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Raymond and Russell were the first to attempt to assess the damage, but the water was still too deep for them to make it down the streets to their house. Once the water receded, the Thomas men went to their home, and this is when the brothers saw for the first time their father struck with pain and disbelief. It was devastating. They saw debris wedged in trees, mudcovered roads clogged with cars as people poured back to see what was left of their homes. When they opened the front door, they saw the main floor swamped, signs that flood water reached more than two feet on the first floor, totally destroying his 11-year old sister’s room. Their hearts sank seeing unsalvageable photo albums, family heirlooms, clothes and furniture, and Eagle Scout (for all four boys) and Girl Scout Awards, camping supplies, business attire, toys, and vehicles. But the one thing that hit them the hardest was to see all their homeschool and university books destroyed. Because of the strong values, Russell found himself coming to grips with losing his first vehicle, purchased with his earnings from his internship. Russell stated, “In my family, a car represents more than transportation. It’s the formation of independence and maturation into adulthood.” Through all of this, families are encouraged by others to fill their minds with active, positive feelings. The elder Thomas stated, “I just realized that there is no way to really be prepared for something like this. How do you prepare to replace your entire life in a single day?” Nonetheless, he wants to protect his children and knows that the odds are that they will face another crisis of their own. He wants them to remember how they survived, even thrived, after losing a lot and to never fall in love with something that can not love them back. The storm left Raymond traumatized at the loss of material things; yet, he found hope. The emotional upheaval caused him to turn to the University’s resources for counseling services. His awareness of the need for additional emotional support and astuteness to focus on mental stability are testaments to this young man’s character.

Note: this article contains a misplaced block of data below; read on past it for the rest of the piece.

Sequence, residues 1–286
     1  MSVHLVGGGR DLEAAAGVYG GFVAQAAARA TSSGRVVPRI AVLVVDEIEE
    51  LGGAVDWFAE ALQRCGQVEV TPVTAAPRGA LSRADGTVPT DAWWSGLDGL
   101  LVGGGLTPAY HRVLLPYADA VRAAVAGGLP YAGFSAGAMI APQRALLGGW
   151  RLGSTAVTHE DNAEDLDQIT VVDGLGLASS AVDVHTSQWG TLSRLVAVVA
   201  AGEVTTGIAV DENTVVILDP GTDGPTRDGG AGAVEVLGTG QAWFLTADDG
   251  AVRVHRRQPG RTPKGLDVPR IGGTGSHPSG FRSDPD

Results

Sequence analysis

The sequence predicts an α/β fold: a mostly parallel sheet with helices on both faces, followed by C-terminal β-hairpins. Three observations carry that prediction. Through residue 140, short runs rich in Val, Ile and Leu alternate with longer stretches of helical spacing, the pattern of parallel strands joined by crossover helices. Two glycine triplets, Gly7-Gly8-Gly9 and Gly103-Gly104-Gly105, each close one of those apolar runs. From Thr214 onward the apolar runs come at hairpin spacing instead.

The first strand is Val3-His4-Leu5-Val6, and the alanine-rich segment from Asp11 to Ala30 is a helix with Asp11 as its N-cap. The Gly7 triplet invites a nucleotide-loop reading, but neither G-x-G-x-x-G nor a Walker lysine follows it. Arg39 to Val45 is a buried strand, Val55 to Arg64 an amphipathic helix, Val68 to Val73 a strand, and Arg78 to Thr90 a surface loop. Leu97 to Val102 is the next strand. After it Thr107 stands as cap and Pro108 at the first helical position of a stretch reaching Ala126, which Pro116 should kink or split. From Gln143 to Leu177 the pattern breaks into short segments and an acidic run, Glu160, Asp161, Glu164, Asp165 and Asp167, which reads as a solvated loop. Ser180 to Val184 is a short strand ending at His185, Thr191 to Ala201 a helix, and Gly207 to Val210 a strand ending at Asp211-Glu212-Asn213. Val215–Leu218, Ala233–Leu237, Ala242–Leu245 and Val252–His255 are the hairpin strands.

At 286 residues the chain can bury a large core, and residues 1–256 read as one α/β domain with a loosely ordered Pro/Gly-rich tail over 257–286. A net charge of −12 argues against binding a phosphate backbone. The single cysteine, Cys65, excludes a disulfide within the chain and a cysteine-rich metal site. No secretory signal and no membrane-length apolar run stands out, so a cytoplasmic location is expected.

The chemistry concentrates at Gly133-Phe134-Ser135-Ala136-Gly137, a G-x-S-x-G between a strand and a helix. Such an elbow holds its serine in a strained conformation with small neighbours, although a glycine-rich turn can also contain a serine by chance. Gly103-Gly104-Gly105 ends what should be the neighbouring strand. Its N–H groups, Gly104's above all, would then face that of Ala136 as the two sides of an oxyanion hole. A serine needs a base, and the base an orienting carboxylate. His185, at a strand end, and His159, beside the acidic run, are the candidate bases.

As families rebuild, they must depend on their belief. The belief that there is a larger plan for us all. It is a time to pull strength and courage from this fable regarding a clay pot with a crack: No matter how many times it was filled, the water still leaked from it, but the carrier of the pot never lost hope. Indeed, he planted flower seeds so as the water dripped, the flowers grew and added beauty and color. This fable illustrates there is a purpose in everything. To support the immediate needs of students, faculty and staff who had been adversely affected by the hurricane, Interim President Ruth Simmons established “The PVAMU Hurricane Relief Fund”. Small grants of $500 were available to assist with emergency needs. To support the effort, H-E-B Chairman and CEO Charles Butt donated $100,000 to students, saying, “While many have lost so much, making it possible for students to remain in school is absolutely essential and is a critical step in rebuilding our communities.” Raymond and Russell both received assistance from the University’s relief aid. The Thomas’ are considered part of the CAHS family. They participated in the ACCESS Summer Bridge Program, 4-H workshops, Research Extension Apprentice Program (REAP), Summer Research Experience Program (SREP), Partnership & Outreach Summer camps (chess and Chinese), as well as in math and engineering camps on campus. PVAMU is more than an institution of higher learning, it is a family. And with all families, no matter how rough the tides get, we weather storms together. While ‘disaster, devastation, and destruction’ are terms used by many following Hurricane Harvey, ‘hope, trust, and belief’ are a few words revealing how students, faculty, and staff in the CAHS persevere. Submitted by Kelley A. Redmon, Communications Specialist

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Profile for PVAMUCAHS

The Tri-Ag, October 2017  

Prairie View A&M University College of Agriculture and Human Sciences Triag Magazine showcases the tripartite of the college through its Res...

The Tri-Ag, October 2017  

Prairie View A&M University College of Agriculture and Human Sciences Triag Magazine showcases the tripartite of the college through its Res...

Profile for pvamucahs